Lydia Chukovskaya’s Sofia Petrovna and Milovan Djilas’ Conversations with Stalin
AC (Associated Content Press News) / August 8, 2006
“I’m beginning to think that this is all some kind of colossal plot. Saboteurs have gotten themselves into the NKVD, and they’re running the show. They themselves are the enemies of the people.” (Chukovskaya, 78). At the climax of Sofia Petrovna, a main character innocently makes an ironically true statement. Sofia Petrovna is written in a way that it can be understood by those who have little or no knowledge of the state of the Soviet Union in the 1930’s and 40’s, yet it is not too simplified or lacking in historical revelations so that even an expert on Stalin’s period of rule could find it engaging and revealing.
Lydia Chukovskaya represents the Soviet Union and the terror engulfing it in the years 1937 through 1938 through the eyes of Sofia Petrovna, an elderly typist in Leningrad who sees the lives of those around her torn apart by arrests and accusations of terrorism, sabotage, and spying. Chukovskaya is unique in that she personally lived through the period she tells of. She wrote this book to record what she and her country had experienced, without hope of seeing it in print. (Chukovskaya, 1). Knowing this gives the story a true validity – the fact that she didn’t write it to make money or to become famous, that she wrote it for herself as one writes a journal to remember events in their lives – gives her account of the period an even greater depth. In the Author’s Note she explains, “however great the merits of any future stories or accounts, they will all have been written at another period, separated from 1937 by decades; whereas my story was written with the impression of events still fresh in my mind.” (Chukovskaya, 2).
“Every attack of the Soviet Government … and every negative feature in the Soviet Union – for example, the trials and the purges – were defended and justified. What appears even stranger, Communists succeeded in convincing themselves of the propriety and suitability of such actions, and in banishing from their minds unpleasant facts.” (Djilas, 12). Milovan Djilas explains the mindset of the Communists at the beginning of his book. Conversations with Stalin, unlike Sofia Petrovna, is a book that should only be tackled by someone who has a relatively good grasp on the history of the Soviet Union throughout the Stalin period and understands the “cult of personality” that existed at this time. However, for someone who does have a good understanding of these factors, this book does an excellent job of portraying the inner-workings of the government during the Stalin era.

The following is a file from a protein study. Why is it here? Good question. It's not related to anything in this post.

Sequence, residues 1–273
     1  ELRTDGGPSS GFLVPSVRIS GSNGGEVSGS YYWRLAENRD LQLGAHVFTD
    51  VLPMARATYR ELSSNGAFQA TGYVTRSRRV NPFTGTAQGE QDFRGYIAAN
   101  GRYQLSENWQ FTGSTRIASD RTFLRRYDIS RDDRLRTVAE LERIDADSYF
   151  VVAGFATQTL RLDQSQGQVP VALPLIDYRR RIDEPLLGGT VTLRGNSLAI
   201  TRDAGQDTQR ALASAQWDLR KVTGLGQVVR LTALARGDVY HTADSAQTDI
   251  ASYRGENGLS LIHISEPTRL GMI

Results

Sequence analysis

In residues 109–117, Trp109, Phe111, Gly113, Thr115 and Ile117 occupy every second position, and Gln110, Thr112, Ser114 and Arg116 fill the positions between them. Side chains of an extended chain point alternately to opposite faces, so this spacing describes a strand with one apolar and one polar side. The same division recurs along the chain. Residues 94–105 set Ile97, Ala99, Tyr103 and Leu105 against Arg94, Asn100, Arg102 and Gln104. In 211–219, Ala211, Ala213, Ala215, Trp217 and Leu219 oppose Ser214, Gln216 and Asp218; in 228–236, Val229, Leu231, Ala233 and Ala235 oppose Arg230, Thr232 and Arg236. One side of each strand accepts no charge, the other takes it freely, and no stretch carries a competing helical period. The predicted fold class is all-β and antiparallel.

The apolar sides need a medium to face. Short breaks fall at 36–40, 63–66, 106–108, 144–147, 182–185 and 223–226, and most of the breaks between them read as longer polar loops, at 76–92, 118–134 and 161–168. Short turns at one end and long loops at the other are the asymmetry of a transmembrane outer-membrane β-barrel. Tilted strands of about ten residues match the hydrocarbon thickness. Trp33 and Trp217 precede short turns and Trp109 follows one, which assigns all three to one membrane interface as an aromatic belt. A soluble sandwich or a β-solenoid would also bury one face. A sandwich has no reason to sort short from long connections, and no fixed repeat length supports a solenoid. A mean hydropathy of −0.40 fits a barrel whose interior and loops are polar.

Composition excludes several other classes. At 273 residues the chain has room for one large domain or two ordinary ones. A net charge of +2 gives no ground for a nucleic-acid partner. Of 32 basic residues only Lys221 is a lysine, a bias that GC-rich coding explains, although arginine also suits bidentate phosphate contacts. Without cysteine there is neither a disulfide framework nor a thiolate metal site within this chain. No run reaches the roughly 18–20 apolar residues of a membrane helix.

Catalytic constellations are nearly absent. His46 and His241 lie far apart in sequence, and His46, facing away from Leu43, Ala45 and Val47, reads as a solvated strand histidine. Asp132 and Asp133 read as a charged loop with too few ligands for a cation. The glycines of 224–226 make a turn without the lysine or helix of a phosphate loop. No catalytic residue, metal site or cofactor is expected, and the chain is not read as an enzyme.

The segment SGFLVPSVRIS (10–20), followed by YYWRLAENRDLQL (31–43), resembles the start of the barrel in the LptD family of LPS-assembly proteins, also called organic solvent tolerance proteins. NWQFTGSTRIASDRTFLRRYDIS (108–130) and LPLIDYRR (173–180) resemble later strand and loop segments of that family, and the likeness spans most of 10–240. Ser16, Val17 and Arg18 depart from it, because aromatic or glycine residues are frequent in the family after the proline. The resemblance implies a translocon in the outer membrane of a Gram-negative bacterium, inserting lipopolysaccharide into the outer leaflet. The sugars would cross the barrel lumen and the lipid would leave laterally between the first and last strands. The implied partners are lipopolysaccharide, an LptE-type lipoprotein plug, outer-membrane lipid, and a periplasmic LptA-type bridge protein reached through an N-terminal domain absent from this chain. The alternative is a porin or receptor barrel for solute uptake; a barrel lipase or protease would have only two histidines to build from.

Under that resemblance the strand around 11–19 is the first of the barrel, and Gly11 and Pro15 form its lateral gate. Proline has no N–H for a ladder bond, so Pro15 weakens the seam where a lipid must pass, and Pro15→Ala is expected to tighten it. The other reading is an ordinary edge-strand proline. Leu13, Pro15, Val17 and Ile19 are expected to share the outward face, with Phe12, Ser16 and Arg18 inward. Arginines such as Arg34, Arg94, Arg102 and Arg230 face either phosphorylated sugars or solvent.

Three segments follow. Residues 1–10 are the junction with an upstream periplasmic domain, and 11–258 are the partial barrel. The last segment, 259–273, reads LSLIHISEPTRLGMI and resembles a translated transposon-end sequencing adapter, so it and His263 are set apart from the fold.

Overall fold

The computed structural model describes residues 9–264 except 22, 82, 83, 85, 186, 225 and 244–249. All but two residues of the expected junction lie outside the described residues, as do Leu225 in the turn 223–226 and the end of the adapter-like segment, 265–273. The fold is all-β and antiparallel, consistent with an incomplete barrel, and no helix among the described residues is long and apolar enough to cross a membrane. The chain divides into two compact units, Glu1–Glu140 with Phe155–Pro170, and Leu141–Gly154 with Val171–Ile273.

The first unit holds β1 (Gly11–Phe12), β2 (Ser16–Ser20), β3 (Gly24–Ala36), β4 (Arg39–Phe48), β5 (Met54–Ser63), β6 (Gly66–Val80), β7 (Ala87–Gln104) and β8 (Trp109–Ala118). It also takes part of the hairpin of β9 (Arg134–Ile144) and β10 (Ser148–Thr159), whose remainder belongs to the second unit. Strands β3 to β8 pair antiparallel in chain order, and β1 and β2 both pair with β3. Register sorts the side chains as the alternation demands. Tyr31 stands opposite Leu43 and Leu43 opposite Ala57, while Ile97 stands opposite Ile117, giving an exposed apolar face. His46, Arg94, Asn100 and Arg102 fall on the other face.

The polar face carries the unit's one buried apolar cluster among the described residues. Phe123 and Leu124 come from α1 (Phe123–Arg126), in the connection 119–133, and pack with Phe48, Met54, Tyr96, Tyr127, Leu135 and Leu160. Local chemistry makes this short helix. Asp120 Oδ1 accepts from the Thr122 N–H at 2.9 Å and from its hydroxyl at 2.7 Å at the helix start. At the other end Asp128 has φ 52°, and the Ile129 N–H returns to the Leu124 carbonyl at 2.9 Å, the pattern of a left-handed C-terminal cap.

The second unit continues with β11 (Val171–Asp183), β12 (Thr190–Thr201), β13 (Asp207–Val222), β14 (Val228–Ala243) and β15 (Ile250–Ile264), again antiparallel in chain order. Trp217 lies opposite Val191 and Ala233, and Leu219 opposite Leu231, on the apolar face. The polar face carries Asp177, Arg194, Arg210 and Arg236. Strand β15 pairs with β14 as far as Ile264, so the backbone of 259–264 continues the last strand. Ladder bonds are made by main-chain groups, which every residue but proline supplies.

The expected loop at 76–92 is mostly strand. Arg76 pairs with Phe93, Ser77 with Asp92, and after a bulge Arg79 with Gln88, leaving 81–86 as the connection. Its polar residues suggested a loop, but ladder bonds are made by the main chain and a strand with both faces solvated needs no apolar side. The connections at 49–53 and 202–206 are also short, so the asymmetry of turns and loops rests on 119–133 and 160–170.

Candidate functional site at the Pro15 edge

Djilas became a revolutionary for the Communist Party during his youth and eventually became the Vice-president of the Yugoslav government. (Djilas, 213). In this book, he delineates his experiences with the Communist Party, the Soviet government, and with Stalin himself. He describes his personal and ideological conflicts with Party leadership, which eventually led to his expulsion from the Communist Central Committee, his authorship of a series of books that critically analyzed Communism, and his imprisonment for “slandering” and writing opinions “hostile to the people and the state of Yugolsavia.” (Djilas, 214). This book was also written during the period it is reflecting on. Djilas wrote it in between prison stints and published it in 1962. Because he wrote it shortly after his experiences, the book is filled with detail and passion that might otherwise be lacking.
These books, read together, give readers an in-depth understanding of the Soviet Union during Stalin’s leadership. Sofia Petrovna portrays the everyday life of a Soviet citizen in a novel way that leads the reader to fully grasp the pervasiveness of Stalin’s terror like no reading of a purely historical book can. While reading this book I felt truly sympathetic towards the main character and entangled in her plight.